Overall Future Potential: 6; first-division player

Realistic Role: High 4; backup catcher

Risk Factor/Injury History: High risk; yet to play in upper minors; questions about the bat.

Bret Sayre’s Fantasy Take: This isn’t the first one of these comments I’ve written, and it won’t be the last, but Severino isn’t worth rostering in fantasy at this point. He could get to the point where his bat has enough upside to be worth picking up, but right now he’s ranked here for his defense.

The Year Ahead: Severino has the type of defensive profile to get excited about, with a well above-average arm and all the necessary ingredients to develop into a plus receiver. The bat is light, but he showed improved bat speed in 2013, and as he continues to add strength to his frame and learn how to find his pitch, he could develop into a down-the-lineup contact bat. The 20-year-old Dominican can ride his defensive chops all the way up the chain, but his ultimate upside will depend on the development of his stick, which could be the difference between a first-division type if everything clicks and a backup catcher at the major-league level if the profile remains lopsided.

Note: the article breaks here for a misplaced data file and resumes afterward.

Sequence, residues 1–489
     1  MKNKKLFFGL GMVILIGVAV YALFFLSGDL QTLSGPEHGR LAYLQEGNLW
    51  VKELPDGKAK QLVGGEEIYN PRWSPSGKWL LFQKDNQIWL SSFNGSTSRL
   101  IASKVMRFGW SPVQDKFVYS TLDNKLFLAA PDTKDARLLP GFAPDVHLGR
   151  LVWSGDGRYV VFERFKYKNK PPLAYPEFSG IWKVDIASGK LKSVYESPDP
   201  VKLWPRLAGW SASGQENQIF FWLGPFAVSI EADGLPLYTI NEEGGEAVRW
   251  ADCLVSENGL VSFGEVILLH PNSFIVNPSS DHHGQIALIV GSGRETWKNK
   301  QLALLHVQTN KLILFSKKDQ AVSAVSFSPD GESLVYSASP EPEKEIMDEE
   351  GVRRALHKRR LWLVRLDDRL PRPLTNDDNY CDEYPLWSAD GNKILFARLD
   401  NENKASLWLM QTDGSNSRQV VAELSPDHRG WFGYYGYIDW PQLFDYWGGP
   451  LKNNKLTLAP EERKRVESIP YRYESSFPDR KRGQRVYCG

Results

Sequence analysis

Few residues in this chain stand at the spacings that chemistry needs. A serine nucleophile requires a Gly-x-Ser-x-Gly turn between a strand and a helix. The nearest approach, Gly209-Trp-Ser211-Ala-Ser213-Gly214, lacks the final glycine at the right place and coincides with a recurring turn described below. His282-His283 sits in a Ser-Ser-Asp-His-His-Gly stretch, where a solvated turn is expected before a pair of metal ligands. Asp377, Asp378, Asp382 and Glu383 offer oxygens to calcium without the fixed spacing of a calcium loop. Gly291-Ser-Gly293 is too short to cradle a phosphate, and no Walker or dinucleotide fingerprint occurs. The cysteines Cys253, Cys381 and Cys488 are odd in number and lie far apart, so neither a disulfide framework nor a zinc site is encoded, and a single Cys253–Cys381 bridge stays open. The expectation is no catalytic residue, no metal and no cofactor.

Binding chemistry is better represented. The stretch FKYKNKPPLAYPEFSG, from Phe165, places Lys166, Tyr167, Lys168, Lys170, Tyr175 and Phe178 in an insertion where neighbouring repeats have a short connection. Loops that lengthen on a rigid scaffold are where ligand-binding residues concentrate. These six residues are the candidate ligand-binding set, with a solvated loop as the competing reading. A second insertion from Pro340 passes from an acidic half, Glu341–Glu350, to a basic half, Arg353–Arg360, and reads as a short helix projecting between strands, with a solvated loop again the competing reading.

Major league ETA: 2017

9. Drew Vettleson
Position: RF
DOB: 07/19/1991
Height/Weight: 6’1” 185 lbs
Bats/Throws: L/R
Drafted/Acquired: 1st round, 2010, Central Kitsap HS (Silverdale, WA)
Previous Ranking: #7 (Org – TB)
2013 Stats: .274/.331/.388 at High-A Charlotte (121 games)
The Tools: 6+ arm; 6 power potential; 5 potential hit; 5+ potential glove

What Happened in 2013: Acquired in an offseason trade with the Rays, Vettleson lacks the flash of a top prospect but brings playable baseball skills to the table.

Strengths: Good athlete; good feel for the game; good path to the ball at the plate; gets good extension and can drive through it; raw power is plus; game power could play average or better; hit tool shows average or better; strong against right-handed pitching; good approach; very strong arm in the field; plays plus or better; glove is solid-average or better.